According to the Ironic Processes Theory, thought suppression may have unwanted consequences such as an immediate increase in thoughts following attempts to suppress those specific thoughts and an increase in target thoughts following suppression (the rebound effect; Wegner, 1994 and Wegner and Erber, 1992). Individuals who purposely attempt to avoid unwanted thoughts also may experience an increased priming of the to-be-suppressed thoughts (hyperaccessibility; Wegner & Erber, 1992). Despite the relatively few studies examining the association between thought suppression and eating behaviors, existing research does indicate the outcomes of thought suppression, such as hyperaccessibility and rebound, also result from attempting to suppress food-related thoughts (Dejonckheere et al., 2003 and Smart and Wegner, 1999). The emerging literature suggests that the consequences of thought suppression may be influenced by various factors including individuals' weight and dieting status. While thought suppression effectively but briefly decreased food craving intensity for normal weight non-dieters, other strategies (such as dynamic visual noise, i.e., “random squares changed from black to white or white to black”) were more effective for overweight dieters (Kemps, Tiggemann, & Christianson, 2008 p. 180,). Similarly, instructed thought suppression resulted in the rebound effect in obese dieting adolescents but not in obese non-dieters or in healthy-weight persons regardless of their dieting status (Soetens & Braet, 2006). The consequences of thought suppression may not be limited to increased thoughts but also altered behaviors. Johnston, Bulik, and Anstiss (1999) asked cravers and non-cravers of chocolate to suppress thoughts about chocolate. Following the suppression period, and regardless of craving status, participants worked harder at a computer game to earn chocolates when compared to the nonsuppression control group. Similarly, purposely attempting to suppress thoughts of food also resulted in increased food-related thoughts, regardless of participants' weight, and increased food intake in dieting overweight/obese participants but not for healthy weight dieters (Pop, Miclea, & Hancu, 2004). Conversely, among a group of binge eaters, suppression of negative affect did not lead to increased food intake (Dingemans, Martign, Jansen, & van Furth, 2009). The latter study, however, did not focus specifically on suppressing thoughts of food. Existing research on thought suppression and eating behaviors relied on the White Bear Suppression Inventory (Wegner & Zanakos, 1994), which measures the general use of thought suppression, and not thoughts specific to eating or food. To address and explore this potential limitation, Barnes, Fisak, and Tantleff-Dunn (2010) developed the Food Thought Suppression Inventory (FTSI) and found that the FTSI predicted eating pathology even after accounting for the general use of thought suppression. Also based on the FTSI, overweight/obese individuals were more likely to utilize food thought suppression, with healthy weight, overweight, and obese women endorsing progressively higher levels of food thought suppression (Barnes et al., 2010). The measure recently was validated, and weight differences replicated, with a male sample as well (Barnes & White, 2010). Further, preliminary evidence suggests that food thought suppression predicts (Barnes & Tantleff-Dunn, 2010) and is correlated (Barnes & White, 2010) with binge eating in non-clinical samples. The association between binge eating episodes and food thought suppression in non-clinical samples (Barnes and Tantleff-Dunn, 2010 and Barnes and White, 2010) suggest the importance of examining the significance of food thought suppression in clinical samples of obese persons with co-occurring binge eating disorder (BED). Given well-established differences between obese persons with and without BED on a range of eating and psychological variables (Grilo et al., 2008 and Grilo et al., 2010), it seems important to compare the presence and significance of food thought suppression in obese persons with and without BED. This seems further indicated in light of emerging findings from so-called “new wave” behavioral interventions (e.g., acceptance and commitment therapy (ACT) and mindfulness) for binge-eating (Kristeller and Hallett, 1999, Telch, 1997 and Wiser and Telch, 1999) and obesity (Forman et al., 2009 and Lillis et al., 2009). Thus, this study aimed to compare food thought suppression in a matched sample of obese persons with BED (i.e., BED group) and individuals who do not binge eat (i.e., NBO group) and to examine whether food thought suppression is associated with eating disorder psychopathology within the BED and NBO groups and separately by gender. It was hypothesized that the BED group would report greater food thought suppression than the NBO group. Similarly, based on previous research suggesting that women are more likely to endorse general thought suppression, women were hypothesized to report higher levels of food thought suppression than men (Barnes & Tantleff-Dunn, 2010). Lastly, we predicted that food thought suppression would be associated with binge eating frequency and other eating disorder psychopathology.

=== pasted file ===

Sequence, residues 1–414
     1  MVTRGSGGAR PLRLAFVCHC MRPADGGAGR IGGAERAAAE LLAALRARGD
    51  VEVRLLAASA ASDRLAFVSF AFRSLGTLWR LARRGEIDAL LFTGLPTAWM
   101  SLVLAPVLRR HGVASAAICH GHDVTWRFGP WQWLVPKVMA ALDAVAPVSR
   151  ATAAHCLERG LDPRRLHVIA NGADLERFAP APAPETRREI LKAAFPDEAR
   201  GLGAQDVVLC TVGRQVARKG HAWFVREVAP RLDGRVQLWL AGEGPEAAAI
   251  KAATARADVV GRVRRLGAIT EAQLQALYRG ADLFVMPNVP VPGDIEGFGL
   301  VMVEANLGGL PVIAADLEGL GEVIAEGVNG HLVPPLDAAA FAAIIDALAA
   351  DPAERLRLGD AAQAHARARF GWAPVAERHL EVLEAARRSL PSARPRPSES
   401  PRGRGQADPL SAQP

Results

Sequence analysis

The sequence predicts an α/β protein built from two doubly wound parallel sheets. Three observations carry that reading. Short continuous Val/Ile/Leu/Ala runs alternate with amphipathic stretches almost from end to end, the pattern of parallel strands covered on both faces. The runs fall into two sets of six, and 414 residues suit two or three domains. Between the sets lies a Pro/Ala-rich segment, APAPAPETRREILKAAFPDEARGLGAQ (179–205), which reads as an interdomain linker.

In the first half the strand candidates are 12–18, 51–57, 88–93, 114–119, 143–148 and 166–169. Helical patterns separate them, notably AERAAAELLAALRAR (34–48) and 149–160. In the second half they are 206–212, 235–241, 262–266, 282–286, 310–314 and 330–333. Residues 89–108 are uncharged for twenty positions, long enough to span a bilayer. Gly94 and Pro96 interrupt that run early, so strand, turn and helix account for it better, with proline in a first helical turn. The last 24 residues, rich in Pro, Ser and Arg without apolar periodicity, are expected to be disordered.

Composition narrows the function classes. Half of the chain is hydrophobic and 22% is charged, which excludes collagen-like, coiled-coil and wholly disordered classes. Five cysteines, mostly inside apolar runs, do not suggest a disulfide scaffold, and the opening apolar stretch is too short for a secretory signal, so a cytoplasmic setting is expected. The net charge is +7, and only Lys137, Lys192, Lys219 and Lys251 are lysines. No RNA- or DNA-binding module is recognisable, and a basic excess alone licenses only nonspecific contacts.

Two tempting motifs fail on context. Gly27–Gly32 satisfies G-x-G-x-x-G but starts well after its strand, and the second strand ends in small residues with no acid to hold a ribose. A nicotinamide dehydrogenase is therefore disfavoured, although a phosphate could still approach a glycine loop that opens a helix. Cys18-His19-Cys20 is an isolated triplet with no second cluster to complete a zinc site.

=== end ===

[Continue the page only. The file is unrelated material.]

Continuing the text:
نتیجه گیری انگلیسی
Table 1 shows the descriptive values for the two study groups for the primary variables of interest. Based on independent samples t-tests and chi-square analyses, the BED group did not differ significantly from the NBO group in terms of age (t(117) = − 0.61, p = 0.54), BMI (t(113.5) = − 1.75, p = .08), or sex (χ2(1) = 0.02, p = .90). Within gender, women with BED did not differ significantly from NBO women in terms of age (t(76) = − 0.57, p = 0.57) or BMI (t(76) = − 1.18, p = .24). Men with BED did not differ significantly from NBO men either in age (t(39) = − 0.30, p = 0.77) or BMI (t(39) = − 1.36, p = .18).